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- 1Once Or Twice03:02
- 2You Are On My Mind03:20
- 3Skin Tight03:16
- 4If You Leave Me Now03:56
- 5Together Again03:51
- 6Another Rainy Day In New York City03:03
- 7Mama Mama03:30
- 9Gently I'll Wake You03:34
- 10You Get It Up03:35
- 11Hope For Love03:03
Info for X
Chicago X is the eighth studio album, and tenth album overall, by the American band Chicago and was released on June 14, 1976. The album is notable for its soulfulness, and it ended up being a turning point in the band's career thanks to one song.
After recording Chicago VIII in a state of exhaustion, Chicago didn't return to the studio until the spring of 1976, feeling refreshed after a substantial break away. While making Chicago X, the band felt satisfied that they were making a solid record, yet the feeling — especially with producer James William Guercio — was that there might be a paucity of hits on the album. Robert Lamm's 'Another Rainy Day in New York City', Terry Kath's 'Once or Twice' and James Pankow's 'You Are on My Mind' were strong enough to be singles, but Guercio was keen to include Peter Cetera's new composition, 'If You Leave Me Now', on Chicago X. Although the others really liked the song, they felt that, as a romantic ballad with strings, it was completely out of place stylistically (an observation with which most reviewers agreed) and should not be allotted a place on the album. The song was one of the very last to be completed and, according to reports, was very nearly left off the final product. Band member Walter Parazaider has been quoted as saying he heard the song on the radio while cleaning his pool and initially thought 'it sounded like McCartney,' not realizing it was his own band's work.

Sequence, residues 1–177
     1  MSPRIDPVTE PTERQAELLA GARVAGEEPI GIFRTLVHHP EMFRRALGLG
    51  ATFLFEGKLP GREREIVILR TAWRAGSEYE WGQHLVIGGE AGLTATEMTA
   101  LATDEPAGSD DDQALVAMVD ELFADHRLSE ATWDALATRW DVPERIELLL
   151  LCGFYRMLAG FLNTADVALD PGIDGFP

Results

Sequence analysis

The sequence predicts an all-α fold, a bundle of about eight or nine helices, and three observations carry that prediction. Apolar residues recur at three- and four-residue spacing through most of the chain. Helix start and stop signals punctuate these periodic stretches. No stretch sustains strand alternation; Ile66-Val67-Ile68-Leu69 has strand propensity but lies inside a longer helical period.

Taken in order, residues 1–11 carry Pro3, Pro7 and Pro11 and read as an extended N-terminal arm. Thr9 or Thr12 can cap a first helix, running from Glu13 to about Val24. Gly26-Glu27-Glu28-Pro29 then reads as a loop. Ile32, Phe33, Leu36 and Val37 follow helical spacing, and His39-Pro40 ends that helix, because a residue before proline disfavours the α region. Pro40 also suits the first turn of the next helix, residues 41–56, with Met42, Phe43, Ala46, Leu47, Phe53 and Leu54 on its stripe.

However, as producer, Guercio overruled the band and included it, and when it became the band's first #1 hit in the US and UK, it completely changed the public's perception of Chicago, leading to more demand for Cetera and ballads. Lamm and Kath, in particular, were uncomfortable with this turn of events, and it led to a growing dissatisfaction with Guercio's control over the band, contributing to his impending 1977 dismissal.
Chicago X was released on June 14, 1976 to a receptive audience, especially after 'If You Leave Me Now' had become such a big worldwide hit, giving Chicago their first UK chart album in years (#21), though it missed #1 in the US, resting at #3. The album is also notable for the lead vocal debut of trombonist James Pankow. Different band singers tried 'You Are On My Mind', but Pankow felt they weren't nailing it the way he heard it, so producer Guercio said, 'You sing it,' and that effort landed on the final album. Trumpet player Lee Loughnane also contributed a lead vocal for his song 'Together Again', and both Pankow and Loughnane would contribute lead vocals for the Chicago XI follow-up. 'You Get It Up' was sung by the entire band in unison — thus the album's atypical crediting of Seraphine, Parazaider & de Oliveira with 'vocals'.
In early 1977, Chicago X would win three Grammy awards; two were for 'If You Leave Me Now' and one for John Berg's trademark artwork, which resembled a Hershey bar this time out. They were also nominated for Album of the Year, but lost to Stevie Wonder's classic Songs in the Key of Life.
In 2002, Chicago X was remastered and reissued by Rhino Records with an early rendition of Chicago XIV's 'I'd Rather Be Rich' by Lamm as well as Kath's 'Your Love's An Attitude' — both cut in 1975 — as bonus tracks.
For the summer 2007 tour, the band included 'You Are on My Mind' with Pankow again on vocals — the first time this song has been performed live since 1976–1977.
Peter Cetera, bass, vocals
Daniel Seraphine, drums, vocals
Terry Kath, guitar, vocals
Robert Lamm, keyboards, vocals
Laudir de Oliveira, percussion, vocals
James Pankow, trombone, vocals
Lee Loughnane, trumpet, vocals
Walter Parazaider, woodwind, vocals
James William Guercio, acoustic guitar, bass
Jimmie Haskell, strings, French horn
James William David Wolinski, piano, Mellotron
Othello Molineaux, steel drums
Leroy Williams, steel drums
Engineered by Wayne Tarnowski
Mastered by Doug Sax
Producered by James William Guercio
No biography found.
This album contains no booklet.